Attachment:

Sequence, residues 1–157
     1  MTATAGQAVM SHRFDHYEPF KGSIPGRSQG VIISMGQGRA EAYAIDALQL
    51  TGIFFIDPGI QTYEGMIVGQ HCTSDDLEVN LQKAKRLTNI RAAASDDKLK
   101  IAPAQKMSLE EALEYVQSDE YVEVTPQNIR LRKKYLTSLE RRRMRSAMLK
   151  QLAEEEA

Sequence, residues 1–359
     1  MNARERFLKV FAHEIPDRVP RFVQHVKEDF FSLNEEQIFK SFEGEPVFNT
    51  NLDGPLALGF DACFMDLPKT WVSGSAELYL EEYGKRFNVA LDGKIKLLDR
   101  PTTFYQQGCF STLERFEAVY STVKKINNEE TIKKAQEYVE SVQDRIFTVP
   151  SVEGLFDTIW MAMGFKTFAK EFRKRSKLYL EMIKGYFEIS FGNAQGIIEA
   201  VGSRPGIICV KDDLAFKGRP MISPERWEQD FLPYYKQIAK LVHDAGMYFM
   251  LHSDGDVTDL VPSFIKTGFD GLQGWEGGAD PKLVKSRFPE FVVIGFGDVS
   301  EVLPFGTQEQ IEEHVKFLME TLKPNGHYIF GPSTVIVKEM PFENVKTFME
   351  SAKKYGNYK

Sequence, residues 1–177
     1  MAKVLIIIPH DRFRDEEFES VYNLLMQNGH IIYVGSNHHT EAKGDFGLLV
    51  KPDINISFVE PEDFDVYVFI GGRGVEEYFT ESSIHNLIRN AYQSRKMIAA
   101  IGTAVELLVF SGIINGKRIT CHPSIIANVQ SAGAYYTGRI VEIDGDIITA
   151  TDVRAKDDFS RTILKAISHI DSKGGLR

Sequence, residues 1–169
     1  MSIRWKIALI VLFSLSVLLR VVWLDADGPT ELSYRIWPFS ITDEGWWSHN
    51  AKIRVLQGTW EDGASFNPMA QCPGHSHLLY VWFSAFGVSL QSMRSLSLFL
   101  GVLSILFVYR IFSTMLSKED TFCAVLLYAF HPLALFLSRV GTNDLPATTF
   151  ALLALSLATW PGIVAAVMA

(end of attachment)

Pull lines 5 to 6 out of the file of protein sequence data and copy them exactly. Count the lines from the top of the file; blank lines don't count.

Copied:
   151  QLAEEEA

Sequence, residues 1–359